Quadripartite Select Committee Minutes of Evidence

Examination of Witnesses (Questions 280-299)


25 APRIL 2006

  Q280  Richard Burden: Is British equipment being used on that?

  Dr Howells: I am sure there is British equipment and we would look very, very carefully at such equipment applications and we do look very carefully.

  Chairman: We had better move on. Quentin.

  Q281  Mr Davies: Dr Howells, can I just express the view that, of course, where conditions have been imposed for an export licence or assurances given, they must be enforced, in this case the condition that we did impose or the assurance that we did seek, that the APCs would not be deployed in several Occupied Territories, was misconceived because one can seriously imagine a situation in which a terrorist incident occurs in the territories, or indeed an attack on Israel through artillery or other means made from the territories, and the Israeli defence forces have to respond defensively not offensively. If their nearest troops are deployed in British-made APCs it would be absurd if they could not use them for that purpose, to respond to that incident defensively, to save the lives of people, Palestinians or Israelis. I just want to put that thought to you.

  Dr Howells: Yes, indeed, I accept it and Mr Burden alluded to it when he put his question forward, which was how on earth do we differentiate between an aggressive use of a piece of machinery, a vehicle, or whatever, and a perfectly understandable, defensive response. It is not easy, it is probably the most difficult part of the world in which to make those decisions.

  Q282  Mr Keetch: Can I move to something, Minister, that is not a Land Rover or a piece of equipment for building a wall, but is in fact a Beretta 92S semi-automatic pistol, which probably only has one use. Are you aware of the report in The Observer of 19 March 2005 that said that 20,318 of these weapons—which, if I remember my Ian Fleming correctly, was actually James Bond's original choice of weapon—were flown via Stansted with a DTI licence to the Coalition Provisional Authority and then were distributed to the Iraqi police. Iraqi officers have subsequently said that these have been "passed on to the friends of al-Zarqawi" insurgency organisation, and both the British arms companies involved in this sale admit that some of the weapons, possibly thousands of these weapons, found their way into the hands of insurgents. Are these reports correct? If so, what are we doing to ensure that the end use of semi-automatic pistols exported by British companies into Iraq, where there is a situation of, I am sure we would all agree, unfortunate uncertainty, is correctly applied?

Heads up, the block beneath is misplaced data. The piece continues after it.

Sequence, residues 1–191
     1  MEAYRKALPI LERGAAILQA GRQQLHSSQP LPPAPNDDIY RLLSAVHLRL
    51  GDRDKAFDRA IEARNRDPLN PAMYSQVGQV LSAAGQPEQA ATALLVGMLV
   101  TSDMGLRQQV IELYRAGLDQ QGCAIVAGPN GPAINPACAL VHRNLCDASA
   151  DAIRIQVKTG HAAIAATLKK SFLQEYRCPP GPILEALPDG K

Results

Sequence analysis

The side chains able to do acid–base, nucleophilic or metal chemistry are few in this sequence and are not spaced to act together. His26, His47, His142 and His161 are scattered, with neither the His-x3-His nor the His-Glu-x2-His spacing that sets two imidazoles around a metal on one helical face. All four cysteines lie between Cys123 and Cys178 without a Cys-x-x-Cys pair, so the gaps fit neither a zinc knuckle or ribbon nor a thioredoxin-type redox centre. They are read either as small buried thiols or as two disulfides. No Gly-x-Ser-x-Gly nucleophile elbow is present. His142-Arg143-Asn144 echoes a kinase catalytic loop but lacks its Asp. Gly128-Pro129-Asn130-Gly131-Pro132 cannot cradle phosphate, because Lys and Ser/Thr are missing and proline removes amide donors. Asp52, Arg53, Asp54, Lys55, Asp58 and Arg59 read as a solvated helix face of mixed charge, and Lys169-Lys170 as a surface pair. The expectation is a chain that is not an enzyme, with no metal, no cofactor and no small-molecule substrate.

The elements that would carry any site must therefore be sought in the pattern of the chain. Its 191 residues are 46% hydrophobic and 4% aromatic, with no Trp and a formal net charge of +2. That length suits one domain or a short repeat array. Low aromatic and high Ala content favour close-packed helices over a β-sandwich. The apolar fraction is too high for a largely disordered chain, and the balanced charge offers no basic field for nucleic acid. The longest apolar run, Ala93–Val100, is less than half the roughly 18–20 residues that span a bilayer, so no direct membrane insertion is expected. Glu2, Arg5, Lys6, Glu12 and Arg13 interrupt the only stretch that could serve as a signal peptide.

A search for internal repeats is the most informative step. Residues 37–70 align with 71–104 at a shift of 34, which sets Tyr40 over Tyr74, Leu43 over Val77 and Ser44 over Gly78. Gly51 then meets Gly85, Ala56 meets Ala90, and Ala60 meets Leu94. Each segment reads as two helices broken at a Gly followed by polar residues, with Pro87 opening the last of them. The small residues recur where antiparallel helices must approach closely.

Dr Howells: We look very carefully at anything that is exported to Iraq, as you might imagine, and certainly we made a decision that the Iraqi police face very, very difficult circumstances. I am old enough to remember, Mr Keetch, the way in which the IRA got a lot of its arms in Northern Ireland; they sometimes took them from our dead soldiers and policemen, and that happens in difficult situations like this one. Yes, the guns were certainly bought from the Italians, as far as I know—we are looking at this one very carefully—they were exported to Iraq for distribution to the police forces. The most difficult problem would be if there are sectarian groups within that police force that have got very direct and worrying links to insurgent militias or to other people who basically are trying to kill our troops, our development workers and other people out there, and that is something we have to be extremely sensitive about, and I believe that we were. I have no doubt that in some of the attacks on police stations, some of the murders of policemen out there, some of these weapons probably did get into the hands of enemies of the Iraqi Government and enemies of ours.

  Q283  Mr Keetch: It is a terrible question to ask, Minister, but is there any evidence that any of these weapons or other weapons supplied from Britain have actually been used in attacks against British troops or British forces?

  Dr Howells: We are certainly not aware of that and we have looked very carefully at that.

  Q284  Richard Younger-Ross: Dr Howells, it is fairly well-known that not all the police are loyal to the new government. We had an incident not that long ago where the police handed over British soldiers to insurgents and had to be rescued, we have statements from the chief of police in Basra that he can still only rely on about half of his forces. Do you not think that there is a duty to ensure that the end-use and the final destination of these weapons is checked on a regular basis, and that maybe your comment about extracting weapons from dead bodies is slightly misleading when the most likely source for supplying these weapons is actually via the soldiers within the Iraqi police force?